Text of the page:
A confession. I wrote a recent article for SecureIDNews. Somewhere between myself, corporate review, and the copy editor, the piece ended up with a headline I myself would not have chosen (or at least don't remember choosing and so am here retroactively shifting blame) - "OAuth 2.0: Enabling identity for the cloud, mobile". The article gave an overview of OAuth 2.0 - what it is and why it's a useful tool for securing APIs - now recognized as the most important architectural development for cloud and mobile since sliced threads.
Given the title, the casual reader might be forgiven for thinking that OAuth was somehow focused on identity. Sorry about that.
The truth is that OAuth 2.0 actually has very little to do with identity. Notwithstanding my emphasizing in the article the potential for OAuth to protect APIs behind which sit user profile data, OAuth is an authentication and authorization framework for generic APIs, i.e. it says nothing about the nature and syntax of APIs it protects. The APIs could be identity centric, or they could be 'waste flow' metrics from a sewer pipe. For the most part, OAuth 2.0 doesn't really care about the specifics of the data flowing over the APIs.
Additionally, while OAuth 2.0 defines a protocol by which a token associated with a particular user can be 1) issued by one actor, 2) delivered over the network and 3) consumed and validated by another actor (which is topologically identical to how web SSO works) the semantics of the token in question are not "this user just logged in to me", but rather something more like "whomever can present this token is authorized to read the sewer waste flow data." Consequently, despite attempts to use OAuth 2.0 to enable an SSO model, it wasn't designed for that out of the box and can only be stretched that way with arm twisting and eye squinting.
OpenID Connect is a freshly ratified standard from the OpenID Foundation that provides identity semantics and constructs on top of OAuth 2.0. Connect logically layers identity onto the OAuth base - stipulating how to use OAuth to 'do' identity, as opposed to other non-identity centric applications that are possible.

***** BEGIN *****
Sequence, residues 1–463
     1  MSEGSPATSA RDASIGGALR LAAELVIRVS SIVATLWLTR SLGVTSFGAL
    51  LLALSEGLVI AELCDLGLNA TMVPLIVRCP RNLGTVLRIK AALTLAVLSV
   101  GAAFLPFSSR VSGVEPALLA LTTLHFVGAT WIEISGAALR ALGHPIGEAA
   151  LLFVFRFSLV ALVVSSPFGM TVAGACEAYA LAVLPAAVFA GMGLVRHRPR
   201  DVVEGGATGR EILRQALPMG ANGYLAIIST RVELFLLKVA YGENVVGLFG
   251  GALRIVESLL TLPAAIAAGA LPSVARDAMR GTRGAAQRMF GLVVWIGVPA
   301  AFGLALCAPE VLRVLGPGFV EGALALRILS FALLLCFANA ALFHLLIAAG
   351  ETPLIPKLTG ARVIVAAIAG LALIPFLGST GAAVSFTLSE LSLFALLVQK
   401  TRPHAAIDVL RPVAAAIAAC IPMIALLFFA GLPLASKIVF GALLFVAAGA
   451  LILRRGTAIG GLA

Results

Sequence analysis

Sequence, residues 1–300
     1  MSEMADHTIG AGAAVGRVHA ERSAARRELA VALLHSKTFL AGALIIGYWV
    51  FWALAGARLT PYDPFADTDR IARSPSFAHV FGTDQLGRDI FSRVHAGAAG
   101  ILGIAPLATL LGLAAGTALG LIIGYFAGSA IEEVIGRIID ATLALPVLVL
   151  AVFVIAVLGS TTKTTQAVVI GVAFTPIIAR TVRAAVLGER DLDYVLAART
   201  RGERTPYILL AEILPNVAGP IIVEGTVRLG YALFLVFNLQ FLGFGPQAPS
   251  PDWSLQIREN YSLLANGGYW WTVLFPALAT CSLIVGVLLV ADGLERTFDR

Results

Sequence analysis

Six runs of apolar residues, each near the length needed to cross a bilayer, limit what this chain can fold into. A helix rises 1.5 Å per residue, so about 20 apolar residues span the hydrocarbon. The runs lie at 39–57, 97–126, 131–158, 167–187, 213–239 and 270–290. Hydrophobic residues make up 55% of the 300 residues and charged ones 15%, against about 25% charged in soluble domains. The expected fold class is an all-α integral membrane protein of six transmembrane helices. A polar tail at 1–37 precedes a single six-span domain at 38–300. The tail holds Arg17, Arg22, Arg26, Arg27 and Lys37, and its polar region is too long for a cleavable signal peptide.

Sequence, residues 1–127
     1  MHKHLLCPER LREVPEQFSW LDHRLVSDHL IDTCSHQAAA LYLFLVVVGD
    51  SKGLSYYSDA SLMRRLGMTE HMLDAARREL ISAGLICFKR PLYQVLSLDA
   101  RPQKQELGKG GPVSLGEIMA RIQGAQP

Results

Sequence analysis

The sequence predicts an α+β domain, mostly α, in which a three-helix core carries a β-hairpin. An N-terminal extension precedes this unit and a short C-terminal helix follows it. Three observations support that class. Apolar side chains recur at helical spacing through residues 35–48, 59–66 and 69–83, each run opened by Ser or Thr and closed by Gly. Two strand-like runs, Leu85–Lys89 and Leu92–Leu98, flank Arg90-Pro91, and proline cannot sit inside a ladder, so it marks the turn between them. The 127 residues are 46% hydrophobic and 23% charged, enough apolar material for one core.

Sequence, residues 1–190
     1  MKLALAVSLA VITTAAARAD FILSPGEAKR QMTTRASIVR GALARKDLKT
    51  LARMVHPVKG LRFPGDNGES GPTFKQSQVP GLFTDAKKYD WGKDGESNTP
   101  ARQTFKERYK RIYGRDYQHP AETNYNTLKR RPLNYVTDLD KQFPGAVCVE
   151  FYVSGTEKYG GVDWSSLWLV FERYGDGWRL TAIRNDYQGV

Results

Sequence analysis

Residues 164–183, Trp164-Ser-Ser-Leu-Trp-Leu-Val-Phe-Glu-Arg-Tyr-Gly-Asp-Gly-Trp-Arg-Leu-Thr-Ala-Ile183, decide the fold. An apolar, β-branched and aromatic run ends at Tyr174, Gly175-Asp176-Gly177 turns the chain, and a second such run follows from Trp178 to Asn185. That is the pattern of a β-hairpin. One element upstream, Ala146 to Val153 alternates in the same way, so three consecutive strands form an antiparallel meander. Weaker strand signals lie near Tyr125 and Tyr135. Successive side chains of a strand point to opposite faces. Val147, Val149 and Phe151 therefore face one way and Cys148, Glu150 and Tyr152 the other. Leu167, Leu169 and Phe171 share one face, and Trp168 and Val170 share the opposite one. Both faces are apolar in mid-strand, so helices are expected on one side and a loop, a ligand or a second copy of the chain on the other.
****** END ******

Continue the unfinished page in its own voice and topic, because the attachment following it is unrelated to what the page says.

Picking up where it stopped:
Connect introduces two notable identity constructs - the first is an 'identity token', the transfer of which from one network actor to another enables web SSO. Unlike the tokens that OAuth provides, Connect's identity token has the necessary semantic (and syntax) required for federated authentication. Think of Connect's id_token as a young and hip version of SAML's Assertion - no XML in sight and having the latest iPhone and not a seven-year-old clamshell feature phone.
Connect's second identity construct is the definition of a specific REST (of course) API for identity attributes - the so-called UserInfo endpoint. By calling this API, a client application can obtain for itself the sorts of identity attributes it would otherwise typically collect in a registration form - email, name, address etc.
Connect's id_token and UserInfo provide an application-standardized mechanism to obtain the two categories of identity attributes that are most problematic to deal with directly - authentication state and identity attributes. By obtaining authentication state through Connect and not directly, the client can get out of the "password issuance and management" business. And by obtaining attributes through Connect, the client can mitigate the "form fill" drop off or "everybody lives in 90210 zip" effects.
OAuth 2.0 is important and useful, though not for identity applications. For those, you need OpenID Connect. So, again, apologies for any misunderstanding created by the title of the OAuth 2.0 article. Those responsible have been sacked.